Odd, unnatural activities: the writing of a philosophical novel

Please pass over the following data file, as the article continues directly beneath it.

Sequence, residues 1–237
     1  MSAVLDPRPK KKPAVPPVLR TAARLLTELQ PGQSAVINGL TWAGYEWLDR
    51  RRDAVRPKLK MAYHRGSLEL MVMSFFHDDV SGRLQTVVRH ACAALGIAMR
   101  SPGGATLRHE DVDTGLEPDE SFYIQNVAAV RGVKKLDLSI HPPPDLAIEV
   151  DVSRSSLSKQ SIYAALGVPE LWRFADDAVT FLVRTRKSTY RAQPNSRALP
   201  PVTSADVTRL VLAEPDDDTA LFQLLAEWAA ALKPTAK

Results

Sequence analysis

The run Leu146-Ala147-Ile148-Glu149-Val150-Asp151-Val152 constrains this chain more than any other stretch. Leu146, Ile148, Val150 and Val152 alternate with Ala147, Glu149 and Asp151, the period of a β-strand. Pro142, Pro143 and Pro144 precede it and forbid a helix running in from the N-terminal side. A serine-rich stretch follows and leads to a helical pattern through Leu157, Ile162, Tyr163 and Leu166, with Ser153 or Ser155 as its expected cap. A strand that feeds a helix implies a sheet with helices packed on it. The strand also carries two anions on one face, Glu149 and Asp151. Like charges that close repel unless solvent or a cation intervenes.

The purpose of this study is to find which practical aspects of craft are open to the realist\ud novelist when writing philosophical fiction. Plato began a long tradition of intelligent\ud thought on the subject, but even amongst novelists the discussion does not often sit at the\ud practitioner's level, and does not address the how-to questions that arise when an author\ud tries to write philosophical content into a fictional narrative.\ud In Section I, this study defines 'philosophical content' to characterise not only a\ud body of enquiries that belong to western philosophical discourse, but also the mode these\ud enquiries take, which, it is contended, is that of directness and discursiveness. The study\ud then explores how such content can enter a novel's narrative in a way that is not unduly\ud compromising to either the philosophy or the novel. The author's own novel, All Is Song —\ud which is the creative counterpart to this study -provides the portal for this exploration.\ud Sections II, V and VII revisit the philosophical content of a particular scene in the novel to\ud see how it evolves with each rewrite and to trace the decision-making involved in the\ud management of that content. Section III deals with an objection to the study's definition of\ud philosophy and a 'philosophical novel', after which the remaining sections, IV, VI and VIII\ud look respectively at the problems abstract ideas pose to literary realism, some responses to\ud those problems as they pertain to the author's novel writing, and the degree to which All Is\ud Song could be considered successful in fulfilling both its philosophical and literary aims.\ud Through this analysis and reflection, the study finds that while dialogue, in the\ud Socratic tradition, is and remains one key way of realising discursive philosophy within a\ud narrative, a far wider and deeper structuralising of that content is needed to make the\ud contending ideas lived and felt. It holds that once such structuralisation has taken place, a novel is not bound to the full execution of a discursive argument of the sort that exists in\ud Platonic dialogues, say, and can express and sort philosophical ideas using an array of\ud literary tools. The Conclusion (Section IX) suggests that this in part signals a move towards\ud a less Platonic, more phenomenological sense of the way in which ideas can be given\ud reality, and thus given form in the realism of the novel. The study does not conclude,\ud however, that all discursive content should thus be 'dissolved' into extra-philosophical\ud situations and events, but that the latter should act always to structuralise, exemplify,\ud amplify and animate an idea or principle, and to give it as full a literary life as possible.
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